International Flavor: Tennis coach builds success with student-athletes from around the globe

Sunday, September 23, 2007

By Kendrick D. Lewis
Reprinted from the August 2007 edition of Focus on SC State University

The men's and women's teams have combined to win a total of six conference titles with the men winning in 2004, 2005 and 2006, along with three NCAA appearances, while the women have dominated with a three-peat in conference titles in 2005, 2006 and 2007, earning them appearances in the NCAA tournament as well.When South Carolina State University men's and women's tennis coach Hardeep Judge took over the SC State tennis program in 2001, he had only one thing on his mind -- winning.

That's exactly what this two-time Mid-Eastern Athletic Conference (MEAC) Coach of the Year and United States Tennis Association (USTA) Coach of the Year has done over the past six years with an impressive career coaching records in Women’s (97-24, 47-3 MEAC), and Men’s (93-35, 43-5 MEAC) while earning six MEAC titles under his belt.

His coaching style is not the only reason SC State's tennis teams are feared by its MEAC foes and Division I schools across the country. It's also the level of talent he's been able to recruit over the years to build a championship-caliber powerhouse.

The men's and women's teams have combined to win a total of six conference titles with the men winning in 2004, 2005 and 2006, along with three NCAA appearances, while the women have dominated with a three-peat in conference titles in 2005, 2006 and 2007, earning them appearances in the NCAA tournament as well.

What's unique about this team is the international flavor. Players on both teams call places like Serbia, India, Romania, Czech Republic, Russia, El Salvador, Cuba and Latvia their homes.

"Let's face it, if you want to win you have to do whatever it takes to get the best recruits to play in your program," Judge said. "When I first arrived here, I called every tennis federation I knew in the world and I also contacted some old friends to see who was the best of the best around the globe."

Is it a trend? International recruiting has become the standard for a lot of Division I schools across the country. According to Tennis Magazine, of the current top 100 female tennis players in Division I, more than 50 are from outside the United States.

"The best part about recruiting these kids is you are competing with coaches from around the world who are trying to get these kids to commit to their programs or turn professional," Judge said. "We have been lucky. It wasn't hard selling the kids we recruit on the quality of education here at SC State and the experience they would be gaining as a student-athlete.”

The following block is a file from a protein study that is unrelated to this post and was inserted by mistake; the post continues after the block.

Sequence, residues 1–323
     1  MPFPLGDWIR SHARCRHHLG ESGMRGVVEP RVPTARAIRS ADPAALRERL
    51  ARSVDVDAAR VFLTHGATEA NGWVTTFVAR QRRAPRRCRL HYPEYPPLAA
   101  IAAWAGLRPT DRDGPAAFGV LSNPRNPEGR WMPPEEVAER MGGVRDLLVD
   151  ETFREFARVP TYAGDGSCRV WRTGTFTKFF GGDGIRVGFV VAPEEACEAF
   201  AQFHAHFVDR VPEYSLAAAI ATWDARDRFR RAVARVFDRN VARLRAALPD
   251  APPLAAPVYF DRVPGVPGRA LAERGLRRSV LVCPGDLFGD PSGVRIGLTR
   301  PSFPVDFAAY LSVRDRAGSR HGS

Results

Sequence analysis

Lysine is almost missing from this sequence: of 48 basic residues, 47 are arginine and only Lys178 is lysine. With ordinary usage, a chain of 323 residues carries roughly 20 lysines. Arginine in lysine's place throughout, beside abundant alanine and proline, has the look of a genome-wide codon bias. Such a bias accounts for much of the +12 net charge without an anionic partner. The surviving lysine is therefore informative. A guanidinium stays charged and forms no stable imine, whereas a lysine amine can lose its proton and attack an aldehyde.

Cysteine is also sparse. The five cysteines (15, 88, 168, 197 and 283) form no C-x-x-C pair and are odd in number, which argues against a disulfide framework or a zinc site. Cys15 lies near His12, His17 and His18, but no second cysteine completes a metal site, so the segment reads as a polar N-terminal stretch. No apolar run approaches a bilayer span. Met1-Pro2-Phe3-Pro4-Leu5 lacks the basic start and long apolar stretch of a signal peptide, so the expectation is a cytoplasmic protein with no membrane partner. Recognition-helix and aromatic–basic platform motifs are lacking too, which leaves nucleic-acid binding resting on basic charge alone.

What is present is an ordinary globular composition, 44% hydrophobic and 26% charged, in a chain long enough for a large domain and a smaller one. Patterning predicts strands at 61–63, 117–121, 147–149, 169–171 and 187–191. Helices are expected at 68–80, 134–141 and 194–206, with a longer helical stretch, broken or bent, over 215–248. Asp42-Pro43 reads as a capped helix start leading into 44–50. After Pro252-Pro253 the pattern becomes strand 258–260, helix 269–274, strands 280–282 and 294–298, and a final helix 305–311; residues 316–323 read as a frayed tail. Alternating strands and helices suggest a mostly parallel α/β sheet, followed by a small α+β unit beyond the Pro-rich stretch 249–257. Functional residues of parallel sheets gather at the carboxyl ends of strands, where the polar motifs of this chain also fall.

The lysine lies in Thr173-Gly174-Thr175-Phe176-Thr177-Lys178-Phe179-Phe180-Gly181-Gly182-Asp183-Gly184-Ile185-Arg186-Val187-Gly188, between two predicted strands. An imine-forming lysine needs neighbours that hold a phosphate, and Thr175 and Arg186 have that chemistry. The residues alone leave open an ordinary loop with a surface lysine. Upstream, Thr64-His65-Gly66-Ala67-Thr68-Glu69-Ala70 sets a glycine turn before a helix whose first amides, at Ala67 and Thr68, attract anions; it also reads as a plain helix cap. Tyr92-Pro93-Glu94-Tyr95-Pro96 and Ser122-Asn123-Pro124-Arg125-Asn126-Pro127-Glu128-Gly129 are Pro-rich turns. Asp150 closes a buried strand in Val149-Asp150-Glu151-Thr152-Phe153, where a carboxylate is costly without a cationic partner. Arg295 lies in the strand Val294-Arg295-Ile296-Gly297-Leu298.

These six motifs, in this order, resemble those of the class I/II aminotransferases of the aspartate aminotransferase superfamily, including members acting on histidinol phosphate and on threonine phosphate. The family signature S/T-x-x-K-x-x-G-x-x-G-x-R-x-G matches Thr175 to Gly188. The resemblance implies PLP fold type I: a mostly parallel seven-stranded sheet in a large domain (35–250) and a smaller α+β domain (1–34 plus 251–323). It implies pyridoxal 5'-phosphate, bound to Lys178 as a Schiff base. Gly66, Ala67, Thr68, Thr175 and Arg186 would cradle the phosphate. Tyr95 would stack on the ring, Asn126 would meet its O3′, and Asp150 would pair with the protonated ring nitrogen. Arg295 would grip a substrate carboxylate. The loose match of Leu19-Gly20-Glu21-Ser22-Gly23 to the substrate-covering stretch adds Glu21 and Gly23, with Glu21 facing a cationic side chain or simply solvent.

"The more we started winning and building a solid foundation, schools really knew who we were and athletes wanted to play for SC State and be a part of the winning tradition we have built here over the years."

Judge has found success with this recruiting style and year in and year out, SC State has produced some of the top student-athletes in academics across the country.

This year alone, of 20 SC State student-athletes named Arthur Ashe Jr. Sports Scholars – one of the highest academic honors student-athletes earn -- four were members of the tennis team, three from the women's team and one from the men's squad.

"It just speaks so highly of the University and the caliber of kids we bring here," Judge said. "I am really proud of our players and especially for South Carolina State University."

What's next for Coach Judge and the SC State tennis program?

Having beaten top-ranked programs like Marquette, Ball State and the College of Charleston, you can bet teams are looking over their shoulders. With all the success South Carolina State's tennis program has had over the years, you can certainly expect to see this team in the hunt for a national title, as well as a national ranking.

"Our goal is to win a national championship," Judge said. "We have already won six MEAC titles and the HBCU National Title, but our focus is to get better and become one of the powerhouse programs in the country. Nothing less than a national championship is acceptable here for my team at SC State, and it can be done.”

"Most teams come in a try to get an easy victory, but now they know SC State is not a pushover school and we can compete with some of the best programs in the country," he continued. "No one gave us a chance, but now we have one of the top teams in the conference year in and year out."

When asked what makes this team different from any other team he has been a part of, Judge summed it up in one word -- character.

"I remember playing in the HBCU Classic in Atlanta and it was during the time Hurricane Katrina hit New Orleans and we were staying in a hotel with some evacuees," Judge said. "The team got together, gave up their meal money and put it in a hat so a family could eat. You are talking about kids who are from different countries and don't know anyone, but their only concern was making sure that family had enough food to eat that night. That said a lot of who they are and what they represent."

Despite all the success he has had, Judge doesn't feel his job is done at South Carolina State University.

"A lot of the bigger schools come after me saying, 'coach why don't you come here? We have everything you need here to win.'" Judge said. "The administration here at SC State, from Chairman (Maurice) Washington, President (Dr. Andrew) Hugine, Athletic Director Charlene Johnson and the Orangeburg community have been nothing but supportive in everything that we have done over the years and that's really important. I tell them I want to win a national championship and I want to do it here with South Carolina State University.

"This is where my heart is and I am here to stay."

Download the August 2007 edition of Focus on SC State University.